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“Nuclear Surety Inspections (NSI) are extremely detailed and demand the absolute highest standards of compliance and accountability [to pass],” Miss Thibault said.

The Air Force defines nuclear-surety inspections as reviews of all nuclear-weapons-related material, people and procedures that “contribute to the security, safety, and reliability of nuclear weapons and to the assurance that there will be no nuclear-weapon accidents, incidents, unauthorized weapon detonations, or degradation in performance at the target.”

Last year, the tests were made more rigorous, Miss Thibault said, following the critical report by the task force on nuclear weapons.

“These inspections are tools that our commanders use to determine the readiness of their units to perform the mission to the standard we demand - perfection,” she said. “We’re seeing progress in ICBM nuclear surety.”

As for the test failures, “unsatisfactory inspection results, in the sense of identifying discrepancies, are part of the fix and should not be interpreted as suggesting that the ultimate security or safety of the American people or our allies has been put at risk,” Miss Thibault said.

The Defense Department task force report issued in October warned that the Air Force was not doing its job of securing and maintaining nuclear-missile forces. The report identified a “serious erosion of senior-level attention, focus, expertise, mission readiness, resources, and discipline in the nuclear weapons mission.”

The Air Force responded by initiating 100 steps to improve nuclear-weapons problems.

Data from the report show that the Air Force failed on five of its 22 surety inspections in 2008. It was the fourth time since 1992 that at least five failing grades were issued, the report stated.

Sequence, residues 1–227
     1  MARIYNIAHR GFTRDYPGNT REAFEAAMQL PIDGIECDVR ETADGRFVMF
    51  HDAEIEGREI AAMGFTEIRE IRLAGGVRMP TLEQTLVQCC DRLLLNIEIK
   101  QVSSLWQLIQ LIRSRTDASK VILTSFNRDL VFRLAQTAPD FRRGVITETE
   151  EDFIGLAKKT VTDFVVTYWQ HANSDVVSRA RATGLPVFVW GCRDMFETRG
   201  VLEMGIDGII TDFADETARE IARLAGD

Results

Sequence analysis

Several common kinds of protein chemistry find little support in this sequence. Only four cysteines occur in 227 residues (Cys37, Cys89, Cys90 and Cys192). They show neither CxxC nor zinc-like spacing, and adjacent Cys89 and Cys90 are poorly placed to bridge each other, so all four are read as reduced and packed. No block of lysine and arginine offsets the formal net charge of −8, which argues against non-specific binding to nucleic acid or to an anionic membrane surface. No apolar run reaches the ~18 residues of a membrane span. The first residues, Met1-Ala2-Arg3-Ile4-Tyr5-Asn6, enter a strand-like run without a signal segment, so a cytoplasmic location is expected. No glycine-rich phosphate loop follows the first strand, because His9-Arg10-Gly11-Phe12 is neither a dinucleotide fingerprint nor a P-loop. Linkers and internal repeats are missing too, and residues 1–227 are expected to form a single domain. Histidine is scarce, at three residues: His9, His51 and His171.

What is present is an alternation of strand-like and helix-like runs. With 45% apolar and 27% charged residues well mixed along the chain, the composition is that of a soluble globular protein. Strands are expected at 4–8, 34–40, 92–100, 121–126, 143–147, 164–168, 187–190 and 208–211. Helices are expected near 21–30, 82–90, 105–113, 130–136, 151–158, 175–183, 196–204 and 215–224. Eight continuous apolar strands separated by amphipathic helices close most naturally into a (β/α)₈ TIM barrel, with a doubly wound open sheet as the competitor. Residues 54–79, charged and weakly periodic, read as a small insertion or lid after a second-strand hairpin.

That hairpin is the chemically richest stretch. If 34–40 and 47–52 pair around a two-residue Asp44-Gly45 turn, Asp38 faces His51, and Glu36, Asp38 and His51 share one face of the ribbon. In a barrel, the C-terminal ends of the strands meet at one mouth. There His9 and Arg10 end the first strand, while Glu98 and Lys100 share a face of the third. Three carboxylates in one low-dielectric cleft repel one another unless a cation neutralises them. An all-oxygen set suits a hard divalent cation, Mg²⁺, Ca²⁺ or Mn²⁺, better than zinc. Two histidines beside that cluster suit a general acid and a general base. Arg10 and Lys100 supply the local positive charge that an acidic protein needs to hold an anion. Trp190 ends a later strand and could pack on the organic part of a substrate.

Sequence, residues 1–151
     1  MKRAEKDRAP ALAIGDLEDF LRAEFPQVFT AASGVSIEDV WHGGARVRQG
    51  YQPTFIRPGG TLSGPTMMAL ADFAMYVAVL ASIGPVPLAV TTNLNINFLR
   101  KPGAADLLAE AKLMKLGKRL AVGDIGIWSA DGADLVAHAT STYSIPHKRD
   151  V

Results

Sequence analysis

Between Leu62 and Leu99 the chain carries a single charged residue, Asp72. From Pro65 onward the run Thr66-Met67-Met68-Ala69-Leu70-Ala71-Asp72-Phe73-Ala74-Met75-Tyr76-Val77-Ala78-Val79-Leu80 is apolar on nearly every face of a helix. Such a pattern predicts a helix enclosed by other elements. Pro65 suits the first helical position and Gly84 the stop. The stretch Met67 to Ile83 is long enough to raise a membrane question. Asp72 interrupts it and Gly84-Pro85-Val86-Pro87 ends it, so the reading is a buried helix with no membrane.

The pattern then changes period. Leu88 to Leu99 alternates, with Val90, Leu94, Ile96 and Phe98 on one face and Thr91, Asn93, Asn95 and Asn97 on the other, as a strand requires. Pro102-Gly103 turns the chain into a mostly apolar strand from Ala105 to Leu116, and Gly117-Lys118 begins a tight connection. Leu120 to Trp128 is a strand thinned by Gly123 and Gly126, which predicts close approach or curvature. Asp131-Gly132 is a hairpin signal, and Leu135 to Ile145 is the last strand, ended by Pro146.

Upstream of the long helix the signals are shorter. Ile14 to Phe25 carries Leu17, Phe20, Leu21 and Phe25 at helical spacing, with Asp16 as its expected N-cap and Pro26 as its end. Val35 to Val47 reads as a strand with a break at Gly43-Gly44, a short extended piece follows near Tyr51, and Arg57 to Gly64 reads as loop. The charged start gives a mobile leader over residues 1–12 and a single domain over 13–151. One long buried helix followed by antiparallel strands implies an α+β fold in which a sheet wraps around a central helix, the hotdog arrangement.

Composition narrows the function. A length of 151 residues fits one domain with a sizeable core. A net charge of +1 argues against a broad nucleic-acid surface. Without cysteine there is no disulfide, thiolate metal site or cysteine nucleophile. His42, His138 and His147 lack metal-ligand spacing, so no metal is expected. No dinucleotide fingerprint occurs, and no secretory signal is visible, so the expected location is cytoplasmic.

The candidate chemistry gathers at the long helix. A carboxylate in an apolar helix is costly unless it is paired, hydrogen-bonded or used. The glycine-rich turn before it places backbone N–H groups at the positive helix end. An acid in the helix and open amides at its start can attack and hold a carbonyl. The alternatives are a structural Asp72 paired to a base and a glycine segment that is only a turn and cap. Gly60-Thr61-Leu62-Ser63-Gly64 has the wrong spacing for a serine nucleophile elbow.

According to the report and the Air Force, the five inspections failures during 2008 included the three at the missile wings and two at strategic nuclear bomber wings.

By contrast, in 2006 and 2007, there were a total of 18 surety inspections, and all received passing grades.

“Over the past 10 years, inspection pass rates point to anomalies that indicate a systemic problem in the inspection regime,” the report said. “Something is clearly wrong.”

A second task force report, made public Jan. 9, stated that rigorous nuclear surety inspections are “critical to maintaining a credible U.S. deterrent.”

“However, the task force believes a significant shortfall exists in the DoD nuclear surety inspection process,” the report said.

Mr. Schlesinger, who headed the task force, stated in the October report that the Air Force in recent years focused too much on conflicts in the Middle East and Afghanistan. “Both inattention and conscious budget decisions have led to the atrophy of the Air Force´s nuclear mission,” he stated. “But the balance must be restored. Though reduced in scope, the nuclear mission remains essential.”

The U.S. nuclear arsenal is still needed despite the demise of the Cold War for deterring nuclear threats to the United States and its allies, he said. The weapons must be maintained as a credible deterrent against nuclear powers such as China and Russia that are in the process of building up their nuclear forces, Mr. Schlesinger said.

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